A new pension contract also requires a new financial assessment framework (FTK) for pension funds, to ensure that they can honour their promises for the next decades. "At present, we are contributing to the discussions about the new FTK rules at the department of social affairs," says Riemen. Referring to the minister's plan to develop a two-tier framework - for either nominal security, or a real coverage that depends on market developments and longevity - he makes clear that he favours a single FTK. "Otherwise, pension funds need to split up their assets, meaning our treasured principles of collectivity and solidarity go out of the window."
On governance, the Pension Federation is putting its weight behind the improvement of the competence of board members, well-functioning bodies with co-decision making and proper internal supervision. Currently, it is waiting for the Senate's response to initiative legislation from the Lower House, allowing pensioners a seat on the board of all pension funds.
"As we prefer a board to mirror the participants, including younger workers and women, we are not happy with this initiative," the director points out. "Adding pensioners to boards of predominantly balding and grey white males, is a move in the wrong direction. We would like legislation covering all governance aspects as is being developed by the social affairs minister."
The federation also wants pension funds' participants council and accountability body to merge into a "solid body with co-decision making rights", according to Riemen. "Because of competence issues, the present set-up doesn't work properly," he says. "We need clarity about who is responsible for what."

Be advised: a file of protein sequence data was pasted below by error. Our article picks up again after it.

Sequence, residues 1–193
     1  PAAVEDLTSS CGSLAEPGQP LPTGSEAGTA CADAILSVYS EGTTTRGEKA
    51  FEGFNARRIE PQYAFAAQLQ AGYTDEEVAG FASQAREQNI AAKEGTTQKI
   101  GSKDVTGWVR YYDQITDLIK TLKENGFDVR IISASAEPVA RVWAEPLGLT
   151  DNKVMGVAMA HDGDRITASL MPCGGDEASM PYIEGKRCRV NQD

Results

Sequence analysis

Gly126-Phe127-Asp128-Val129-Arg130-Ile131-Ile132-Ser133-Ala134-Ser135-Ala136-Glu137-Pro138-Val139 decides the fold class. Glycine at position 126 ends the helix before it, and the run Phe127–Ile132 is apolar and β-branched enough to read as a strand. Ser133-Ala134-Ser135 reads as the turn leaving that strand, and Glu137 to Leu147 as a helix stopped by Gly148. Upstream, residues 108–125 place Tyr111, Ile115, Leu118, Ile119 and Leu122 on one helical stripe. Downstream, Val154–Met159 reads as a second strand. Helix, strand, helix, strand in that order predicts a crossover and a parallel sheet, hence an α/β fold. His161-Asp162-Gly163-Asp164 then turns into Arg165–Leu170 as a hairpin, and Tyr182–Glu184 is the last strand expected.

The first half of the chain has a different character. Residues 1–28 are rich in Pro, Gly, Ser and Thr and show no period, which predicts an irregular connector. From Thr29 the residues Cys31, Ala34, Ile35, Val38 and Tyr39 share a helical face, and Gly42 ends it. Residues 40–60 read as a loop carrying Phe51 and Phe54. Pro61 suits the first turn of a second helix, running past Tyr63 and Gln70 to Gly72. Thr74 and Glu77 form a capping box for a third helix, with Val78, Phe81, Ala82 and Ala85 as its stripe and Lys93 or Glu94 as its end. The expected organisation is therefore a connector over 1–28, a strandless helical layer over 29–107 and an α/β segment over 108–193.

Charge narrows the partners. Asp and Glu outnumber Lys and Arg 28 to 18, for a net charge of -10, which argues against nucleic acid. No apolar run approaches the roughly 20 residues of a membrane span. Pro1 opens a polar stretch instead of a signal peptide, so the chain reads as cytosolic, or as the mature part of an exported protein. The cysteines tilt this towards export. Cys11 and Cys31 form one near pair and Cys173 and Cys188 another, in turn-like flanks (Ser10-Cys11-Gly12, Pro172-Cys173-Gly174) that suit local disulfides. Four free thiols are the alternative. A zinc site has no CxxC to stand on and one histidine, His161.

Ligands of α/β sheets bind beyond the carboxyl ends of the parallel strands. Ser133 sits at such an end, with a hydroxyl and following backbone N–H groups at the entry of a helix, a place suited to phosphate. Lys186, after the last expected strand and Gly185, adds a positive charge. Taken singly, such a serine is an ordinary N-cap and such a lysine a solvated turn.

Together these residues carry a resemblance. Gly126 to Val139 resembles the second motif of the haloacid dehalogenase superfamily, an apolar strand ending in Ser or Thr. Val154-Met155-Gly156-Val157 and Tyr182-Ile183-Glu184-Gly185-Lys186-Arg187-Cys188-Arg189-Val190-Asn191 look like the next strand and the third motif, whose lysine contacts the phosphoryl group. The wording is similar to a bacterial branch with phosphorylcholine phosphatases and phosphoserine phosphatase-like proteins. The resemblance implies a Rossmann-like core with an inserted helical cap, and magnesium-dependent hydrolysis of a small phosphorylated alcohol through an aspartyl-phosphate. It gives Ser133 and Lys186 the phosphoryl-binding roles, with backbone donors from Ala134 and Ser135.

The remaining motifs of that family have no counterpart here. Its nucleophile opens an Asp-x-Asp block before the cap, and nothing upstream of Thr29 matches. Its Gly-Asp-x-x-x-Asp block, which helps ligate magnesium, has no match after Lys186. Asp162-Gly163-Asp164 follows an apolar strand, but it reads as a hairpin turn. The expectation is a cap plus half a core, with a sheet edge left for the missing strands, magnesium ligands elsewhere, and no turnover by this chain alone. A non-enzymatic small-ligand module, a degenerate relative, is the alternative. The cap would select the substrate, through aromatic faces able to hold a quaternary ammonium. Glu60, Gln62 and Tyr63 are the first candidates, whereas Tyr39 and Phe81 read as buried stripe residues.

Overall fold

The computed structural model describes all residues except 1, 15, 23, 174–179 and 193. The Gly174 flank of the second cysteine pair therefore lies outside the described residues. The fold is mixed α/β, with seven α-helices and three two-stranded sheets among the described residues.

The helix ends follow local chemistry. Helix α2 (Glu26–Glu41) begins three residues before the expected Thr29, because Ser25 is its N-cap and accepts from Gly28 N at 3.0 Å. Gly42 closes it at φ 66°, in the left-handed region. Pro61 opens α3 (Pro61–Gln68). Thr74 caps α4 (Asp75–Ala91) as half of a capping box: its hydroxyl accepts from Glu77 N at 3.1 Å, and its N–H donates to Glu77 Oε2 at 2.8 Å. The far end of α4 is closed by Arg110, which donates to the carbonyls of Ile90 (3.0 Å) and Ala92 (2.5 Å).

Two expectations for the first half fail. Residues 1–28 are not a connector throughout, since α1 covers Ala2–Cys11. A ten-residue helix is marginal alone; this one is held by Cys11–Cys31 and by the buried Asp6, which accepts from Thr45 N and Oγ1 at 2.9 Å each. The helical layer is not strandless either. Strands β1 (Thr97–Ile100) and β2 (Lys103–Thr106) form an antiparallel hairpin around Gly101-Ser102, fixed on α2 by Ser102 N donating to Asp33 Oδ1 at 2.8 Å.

On the other hand, the Pensioen Federatie umbrella, does not support a single model for internal supervision. "Although we acknowledge the effectiveness of, for example, a visitation committee of external experts, we don't want to regulate everything in detail because of the differences between pension funds," the director explains. "What really counts is clarity about the accountability, and that boards make clear whether and how they have applied the findings of the internal supervisors."
Developments in Europe are also closely watched by the federation. Recently, during a meeting of the federation in Brussels which was also attended by social affairs minister Henk Kamp, EU Commissioner Michel Barnier said that the European Commission will not take any initiative that could harm the Dutch pension system. However, this has not entirely satisfied the representative organisations. "We are pleased that the EC acknowledges that the rules of Solvency II shouldn't fully apply to pension funds, and that he described our FTK as a ‘source of inspiration' for future EU legislation," says Riemen. "But at the same time we are getting signals that the announced review of the IORP Directive will be hostile to the current mandatory participation of employers in industry-wide pension funds. This principle is the very foundation of the Dutch pension system..."
The federation is also lobbying for an exception for pension funds in the pending EU legislation on derivatives. "We do support rules for transparency and against speculation. But as Dutch pension schemes don't speculate, and only deploy derivatives as a hedge against interest risks, we don't want our pensioners to foot the bill for expensive clearing houses," comments the director.
Riemen doesn't want to look too far ahead. "For the coming years, we will be busy with the pension contracts and governance, as well as the introduction of the ‘multi-opf', the joint pension fund for companies," he says. "And the consolidation of pension funds will continue. Not as a goal in itself, but as a spontaneous process, following pressure of mainly governance." He expects the present number of 550 schemes to significantly decrease, "but not as far as 100, as has been suggested by pensions regulator De Nederlandsche Bank".
The director also forecasts a full merger of VB, OPF and UvB as a logical development, albeit without indicating when that might happen. Riemen: "It will happen when the pension funds start wondering which added value their own umbrella organisation provides."